I travelled to Sulawesi knowing little about it and found in the Tana Toraja region a world so far removed from the Balinese or Javanese cultures that I was shocked. I forgot to research the screenplay I was working on and instead travelled widely, profoundly moved by the simplicity of the dancing (compared to the baroque Balinese), the funeral ceremonies and the music. Then one day I discovered a reference to the Bissu, the transvestite priests, a tradition that goes back some four to five hundred years. A town was mentioned where there might still be some Bissu. I hurried down south to Segeri with my translator, who tried to talk me out of it. 'These men,' he said, 'are not normal.'

We found a Bissu who was a curious mixture of camp and dignity, of the temporal and of the priest. He showed me photographs of himself and then took me across the road to a wooden house where he used to hold many ceremonies. In the back room was a wooden chair, a throne, which held offerings. He spoke of how he talked to the gods and how he could walk through fire and cut himself without bleeding. He was one of the most extraordinary men I have ever met. I was deeply moved, because he represented a tradition that was dying out. Once there were many Bissu, now hardly any, once the wooden house throbbed with many dancers, now few young boys wanted to learn, once the Bissu's magic was feared, now only the old thought these men had powers. Back in Australia I read as much as possible about the Bissu.

Then I came across the infamous soldier Captain Westerling, who created bloody havoc in the Celebes (as the Dutch called Sulawesi) during their 'Police Action'of 1946-47 directed at Indonesians wanting independence. I read his memoirs and thought he was a cross between a psycho and Errol Flynn. I read as much as possible about the Dutch in the Celebes. And then I came upon the Dutch novelist Louis Couperus and his extraordinary novel The hidden force. Somehow all these things coalesced in my mind and from it came the idea for my play The language of the gods.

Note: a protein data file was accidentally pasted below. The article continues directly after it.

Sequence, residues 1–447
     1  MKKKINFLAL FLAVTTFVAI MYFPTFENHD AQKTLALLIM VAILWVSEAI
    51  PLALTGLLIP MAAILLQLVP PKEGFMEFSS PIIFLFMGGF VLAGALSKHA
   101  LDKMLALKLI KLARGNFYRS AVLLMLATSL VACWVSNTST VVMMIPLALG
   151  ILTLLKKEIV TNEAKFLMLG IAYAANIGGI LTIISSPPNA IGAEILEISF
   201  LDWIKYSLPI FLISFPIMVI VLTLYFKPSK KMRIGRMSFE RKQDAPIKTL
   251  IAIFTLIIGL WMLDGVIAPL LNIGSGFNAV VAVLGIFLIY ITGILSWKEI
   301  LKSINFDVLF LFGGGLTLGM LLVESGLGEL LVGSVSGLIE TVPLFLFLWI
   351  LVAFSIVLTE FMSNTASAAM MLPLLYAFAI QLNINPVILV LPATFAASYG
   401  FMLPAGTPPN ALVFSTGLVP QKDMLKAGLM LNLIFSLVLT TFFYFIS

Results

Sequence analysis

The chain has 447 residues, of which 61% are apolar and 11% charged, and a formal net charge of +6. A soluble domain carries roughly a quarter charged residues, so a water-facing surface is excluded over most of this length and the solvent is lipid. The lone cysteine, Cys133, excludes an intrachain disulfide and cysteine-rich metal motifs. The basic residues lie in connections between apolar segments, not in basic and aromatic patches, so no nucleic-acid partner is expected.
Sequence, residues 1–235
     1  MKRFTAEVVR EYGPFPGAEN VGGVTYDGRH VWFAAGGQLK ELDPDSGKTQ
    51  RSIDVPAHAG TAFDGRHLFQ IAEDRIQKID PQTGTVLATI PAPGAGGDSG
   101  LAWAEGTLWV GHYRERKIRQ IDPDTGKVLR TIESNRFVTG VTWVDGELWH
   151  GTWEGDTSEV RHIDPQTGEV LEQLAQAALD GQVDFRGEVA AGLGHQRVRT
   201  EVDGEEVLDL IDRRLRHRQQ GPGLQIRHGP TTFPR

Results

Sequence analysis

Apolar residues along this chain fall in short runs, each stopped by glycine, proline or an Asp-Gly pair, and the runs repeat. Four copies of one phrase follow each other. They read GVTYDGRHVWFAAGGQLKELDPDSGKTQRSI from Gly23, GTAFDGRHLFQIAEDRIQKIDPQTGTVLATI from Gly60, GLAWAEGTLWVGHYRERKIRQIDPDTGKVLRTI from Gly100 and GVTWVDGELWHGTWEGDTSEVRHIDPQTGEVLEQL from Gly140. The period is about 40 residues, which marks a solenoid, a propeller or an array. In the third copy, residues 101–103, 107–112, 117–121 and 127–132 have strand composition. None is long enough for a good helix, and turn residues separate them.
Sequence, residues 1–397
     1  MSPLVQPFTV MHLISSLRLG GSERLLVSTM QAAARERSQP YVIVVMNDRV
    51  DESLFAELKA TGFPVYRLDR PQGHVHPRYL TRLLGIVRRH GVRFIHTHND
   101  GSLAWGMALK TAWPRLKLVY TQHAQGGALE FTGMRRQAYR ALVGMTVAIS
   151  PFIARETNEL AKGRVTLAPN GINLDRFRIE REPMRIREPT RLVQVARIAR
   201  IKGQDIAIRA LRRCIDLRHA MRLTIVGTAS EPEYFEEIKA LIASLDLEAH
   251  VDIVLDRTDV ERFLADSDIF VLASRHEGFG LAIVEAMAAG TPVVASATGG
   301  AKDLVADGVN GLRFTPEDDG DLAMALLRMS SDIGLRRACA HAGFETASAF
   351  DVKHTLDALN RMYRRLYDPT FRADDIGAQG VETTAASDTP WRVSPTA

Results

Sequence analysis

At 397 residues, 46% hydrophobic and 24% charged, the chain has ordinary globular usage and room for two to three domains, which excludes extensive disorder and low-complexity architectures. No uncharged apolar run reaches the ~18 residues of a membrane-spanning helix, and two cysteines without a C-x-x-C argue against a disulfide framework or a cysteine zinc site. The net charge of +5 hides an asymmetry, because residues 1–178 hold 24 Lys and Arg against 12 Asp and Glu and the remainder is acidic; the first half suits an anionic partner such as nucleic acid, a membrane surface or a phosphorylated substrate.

The play is set in 1946, when Braak, the Dutch administrator, having returned to the Celebes from exile in Australia, with his new Australian wife Alice, finds a country on the verge of upheaval. He adores the traditional Indonesia as represented by Dely, the Bissu, but realises that even though he loves the Indies, like the rest of the Dutch, he will be cast out, and because of Captain Westerling's rampage the locals are beginning to hate him. He can't control Westerling, or his own private life, and the very person whom he respects, Dely, will be the one to destroy him.

I suppose you could say that the play is in keeping with the idea I have had ever since I was young that in Indonesia politics is personal. Even though he would have liked to have separated the two, Braak in the end realises too late that he can't. This probably makes the play sound too much of an ideas-driven work, but really it is a character-driven story and certainly not moralistic about who was right and who was wrong in those fraught times.

The opening night in the Playbox Theatre on 8 September was a strange one. The chaotic situation in East Timor was on everyone's mind, so there seemed to be a desire that the play have parallels to it. But it was written without any such parallels in mind. Yet history is a curious thing. It repeats itself, Hegel said as farce but he was wrong. Sometimes when history repeats itself there is an overwhelming sense of deja vu, which does not make one laugh at all but makes one cringe at how little we learn from past mistakes.

Louis Nowra (lnowra@aol.com.au) is a playwright, novelist and screenwriter. Scripts of 'The language of the gods' and 'The precious woman' are available from Currency Press (email currency@magna.com.au, web www.currency.com.au).

Inside Indonesia 61: Jan - Mar 2000